First publication of genome-wide association study leveraging deCODE’s population approach; Finding to be integrated into deCODE’s DNA-based diagnostics program

A team of deCODE scientists, along with academic colleagues from the United States, Iceland, Spain and the Netherlands, today publish the discovery of a second genetic variant on chromosome 8q24 conferring risk of prostate cancer. This is the first publication of deCODE’s new discoveries emerging from the application of genome-wide SNP association technologies to the company’s population genetics resources. The paper, entitled “Genome-wide association study identifies a second prostate cancer susceptibility variant at 8q24,” is published today in the online edition of Nature genetics, at www.nature.com/ng, and will be published in a subsequent print edition of the journal.

Last May, deCODE published its discovery of the first common genetic variant ever shown to associate with significantly increased risk of prostate cancer in the general population. That variant, located on chromosome 8q24 and identified through linkage analysis of men from more than 300 families in Iceland followed by detailed genotyping of the chromosomal region and case-control analyses, confers an approximately 60% increase in risk of the disease. It is also more than twice as common among African American men than it is among those of European ancestry, contributing to the higher incidence of the disease among African Americans.

The second variant was identified through a genome-wide association scan of 4,500 Icelandic cases and controls using the Illumina HumanHap300 Bead Chip, which types more than 300,000 SNPs across the genome. The strongest association detected was the variant identified last year, but the deCODE team then applied deCODE’s tools for constructing and testing haplotypes – groups of markers – of multiple SNPs, in order to investigate more complex associations with the disease that might have eluded the simpler analysis. This analysis identified a 14-marker haplotype and a closely correlated SNP not included in the genome-wide scan that was replicated in cohorts of European descent from Chicago, Spain and the Netherlands. The variant was found in about 3% of controls and roughly twice that number of prostate cancer patients. However, in an African American case-control cohort from Baltimore, the variant was found in about 30% of controls and 42% of patients, corresponding to a slightly lower increase in risk than in the European ancestry cohorts, but, because of its much higher frequency, accounting for one quarter of prostate cancer cases among African Americans.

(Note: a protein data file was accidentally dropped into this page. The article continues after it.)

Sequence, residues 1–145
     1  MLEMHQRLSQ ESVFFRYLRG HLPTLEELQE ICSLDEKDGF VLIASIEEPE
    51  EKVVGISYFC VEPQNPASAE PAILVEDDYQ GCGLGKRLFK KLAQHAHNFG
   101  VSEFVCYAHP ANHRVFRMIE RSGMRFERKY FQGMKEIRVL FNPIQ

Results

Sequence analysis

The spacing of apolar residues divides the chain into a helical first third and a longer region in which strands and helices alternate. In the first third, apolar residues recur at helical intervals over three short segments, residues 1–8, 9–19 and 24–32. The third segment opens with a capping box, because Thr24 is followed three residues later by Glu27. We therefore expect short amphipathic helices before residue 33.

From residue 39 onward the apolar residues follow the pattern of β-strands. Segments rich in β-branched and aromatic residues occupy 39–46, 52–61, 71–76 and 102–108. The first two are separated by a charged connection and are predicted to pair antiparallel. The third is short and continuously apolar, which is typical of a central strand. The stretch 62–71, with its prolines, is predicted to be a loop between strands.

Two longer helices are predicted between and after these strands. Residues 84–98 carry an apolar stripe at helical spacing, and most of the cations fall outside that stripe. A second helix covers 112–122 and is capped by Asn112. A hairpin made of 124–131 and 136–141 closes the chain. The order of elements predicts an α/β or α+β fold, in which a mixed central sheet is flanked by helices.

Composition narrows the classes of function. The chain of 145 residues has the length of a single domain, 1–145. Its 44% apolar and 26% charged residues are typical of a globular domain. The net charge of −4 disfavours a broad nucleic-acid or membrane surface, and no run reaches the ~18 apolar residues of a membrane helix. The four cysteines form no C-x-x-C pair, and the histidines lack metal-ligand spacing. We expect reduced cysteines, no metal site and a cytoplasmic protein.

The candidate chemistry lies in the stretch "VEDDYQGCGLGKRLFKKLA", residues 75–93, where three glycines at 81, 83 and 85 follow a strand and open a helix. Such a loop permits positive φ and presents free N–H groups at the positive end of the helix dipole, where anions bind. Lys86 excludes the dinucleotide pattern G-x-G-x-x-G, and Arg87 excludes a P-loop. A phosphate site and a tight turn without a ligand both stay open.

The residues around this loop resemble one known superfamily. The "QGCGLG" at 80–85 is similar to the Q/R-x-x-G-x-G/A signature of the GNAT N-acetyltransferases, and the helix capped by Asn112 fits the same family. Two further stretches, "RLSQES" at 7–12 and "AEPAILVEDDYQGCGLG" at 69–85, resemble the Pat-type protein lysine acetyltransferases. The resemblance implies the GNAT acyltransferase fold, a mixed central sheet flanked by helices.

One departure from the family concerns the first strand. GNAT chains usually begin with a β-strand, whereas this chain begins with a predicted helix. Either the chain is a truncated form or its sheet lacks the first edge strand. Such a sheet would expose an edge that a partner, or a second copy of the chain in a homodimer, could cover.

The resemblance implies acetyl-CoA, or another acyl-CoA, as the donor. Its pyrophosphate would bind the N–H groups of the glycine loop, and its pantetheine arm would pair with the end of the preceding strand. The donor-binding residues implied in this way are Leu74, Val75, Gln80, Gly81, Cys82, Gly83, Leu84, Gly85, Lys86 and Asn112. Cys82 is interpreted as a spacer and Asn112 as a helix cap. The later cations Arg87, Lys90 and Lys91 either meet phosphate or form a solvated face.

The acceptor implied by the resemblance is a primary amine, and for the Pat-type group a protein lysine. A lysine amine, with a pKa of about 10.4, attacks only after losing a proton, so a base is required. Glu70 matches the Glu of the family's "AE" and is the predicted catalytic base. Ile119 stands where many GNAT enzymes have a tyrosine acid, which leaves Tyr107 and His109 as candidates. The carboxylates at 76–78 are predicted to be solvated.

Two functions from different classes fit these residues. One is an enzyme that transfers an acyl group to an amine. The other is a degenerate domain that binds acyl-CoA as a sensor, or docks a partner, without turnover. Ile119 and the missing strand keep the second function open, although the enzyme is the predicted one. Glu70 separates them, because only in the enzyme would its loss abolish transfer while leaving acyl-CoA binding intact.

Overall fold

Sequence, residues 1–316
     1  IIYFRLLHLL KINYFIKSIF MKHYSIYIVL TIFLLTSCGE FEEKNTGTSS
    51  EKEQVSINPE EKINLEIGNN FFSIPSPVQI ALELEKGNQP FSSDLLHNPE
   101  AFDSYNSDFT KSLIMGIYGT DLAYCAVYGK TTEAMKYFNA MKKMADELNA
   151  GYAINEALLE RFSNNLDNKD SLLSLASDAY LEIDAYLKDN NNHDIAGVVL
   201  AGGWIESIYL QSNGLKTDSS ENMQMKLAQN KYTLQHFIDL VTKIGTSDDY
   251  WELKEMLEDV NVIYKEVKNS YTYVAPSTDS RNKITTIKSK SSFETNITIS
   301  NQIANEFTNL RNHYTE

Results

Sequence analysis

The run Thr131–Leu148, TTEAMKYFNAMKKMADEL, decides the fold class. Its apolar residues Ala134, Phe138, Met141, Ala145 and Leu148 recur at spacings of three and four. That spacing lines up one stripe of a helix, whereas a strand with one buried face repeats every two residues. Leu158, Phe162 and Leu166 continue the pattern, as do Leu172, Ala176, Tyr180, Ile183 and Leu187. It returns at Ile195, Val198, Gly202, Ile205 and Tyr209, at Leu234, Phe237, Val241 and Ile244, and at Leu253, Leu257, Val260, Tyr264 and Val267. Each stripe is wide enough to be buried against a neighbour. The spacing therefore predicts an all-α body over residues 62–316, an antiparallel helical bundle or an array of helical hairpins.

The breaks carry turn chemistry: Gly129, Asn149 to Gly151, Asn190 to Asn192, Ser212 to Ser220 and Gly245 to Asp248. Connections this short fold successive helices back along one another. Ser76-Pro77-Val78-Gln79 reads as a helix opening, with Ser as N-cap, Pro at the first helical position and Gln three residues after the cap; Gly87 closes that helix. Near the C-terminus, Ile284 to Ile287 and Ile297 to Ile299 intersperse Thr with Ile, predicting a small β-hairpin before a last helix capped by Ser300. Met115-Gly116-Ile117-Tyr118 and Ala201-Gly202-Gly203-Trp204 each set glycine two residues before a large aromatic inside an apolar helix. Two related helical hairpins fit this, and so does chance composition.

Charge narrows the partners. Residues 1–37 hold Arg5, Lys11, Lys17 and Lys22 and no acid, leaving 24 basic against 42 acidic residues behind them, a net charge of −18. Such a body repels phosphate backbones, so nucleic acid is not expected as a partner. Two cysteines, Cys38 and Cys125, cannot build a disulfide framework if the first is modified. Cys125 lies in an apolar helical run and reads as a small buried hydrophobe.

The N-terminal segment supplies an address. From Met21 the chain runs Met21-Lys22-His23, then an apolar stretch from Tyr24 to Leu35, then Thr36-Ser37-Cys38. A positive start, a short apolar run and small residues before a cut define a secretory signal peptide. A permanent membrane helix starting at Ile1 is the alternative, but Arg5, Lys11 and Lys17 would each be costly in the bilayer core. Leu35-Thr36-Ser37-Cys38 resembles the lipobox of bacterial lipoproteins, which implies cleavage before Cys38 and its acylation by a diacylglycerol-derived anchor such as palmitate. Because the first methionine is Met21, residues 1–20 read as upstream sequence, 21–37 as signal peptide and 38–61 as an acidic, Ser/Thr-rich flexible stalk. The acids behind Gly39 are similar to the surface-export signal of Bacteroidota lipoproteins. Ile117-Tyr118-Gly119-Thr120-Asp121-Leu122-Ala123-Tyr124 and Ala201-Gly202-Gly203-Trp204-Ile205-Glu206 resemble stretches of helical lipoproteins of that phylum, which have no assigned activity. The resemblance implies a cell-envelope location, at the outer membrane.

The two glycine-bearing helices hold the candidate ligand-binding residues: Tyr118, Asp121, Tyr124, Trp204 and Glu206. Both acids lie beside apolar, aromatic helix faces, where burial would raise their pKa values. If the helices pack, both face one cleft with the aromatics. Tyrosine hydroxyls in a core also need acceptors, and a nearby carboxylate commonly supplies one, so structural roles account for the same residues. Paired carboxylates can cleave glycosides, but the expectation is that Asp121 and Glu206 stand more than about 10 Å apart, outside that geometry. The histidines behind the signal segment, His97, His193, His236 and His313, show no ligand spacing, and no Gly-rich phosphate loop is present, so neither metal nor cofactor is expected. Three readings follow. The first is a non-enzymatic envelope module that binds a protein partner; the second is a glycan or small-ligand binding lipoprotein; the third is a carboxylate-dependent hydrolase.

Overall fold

Taken together, the two variants in this region of chromosome 8 discovered by deCODE account for about 11-13% of prostate cancer among men of European descent, but approximately 30% of the disease burden among African Americans. These variants, which are suggestively linked to earlier age at onset, may therefore be useful for identifying men for whom more frequent screening and more aggressive intervention may be beneficial, and deCODE intends to utilize these findings to develop a DNA-based test for the variants to improve prevention and treatment.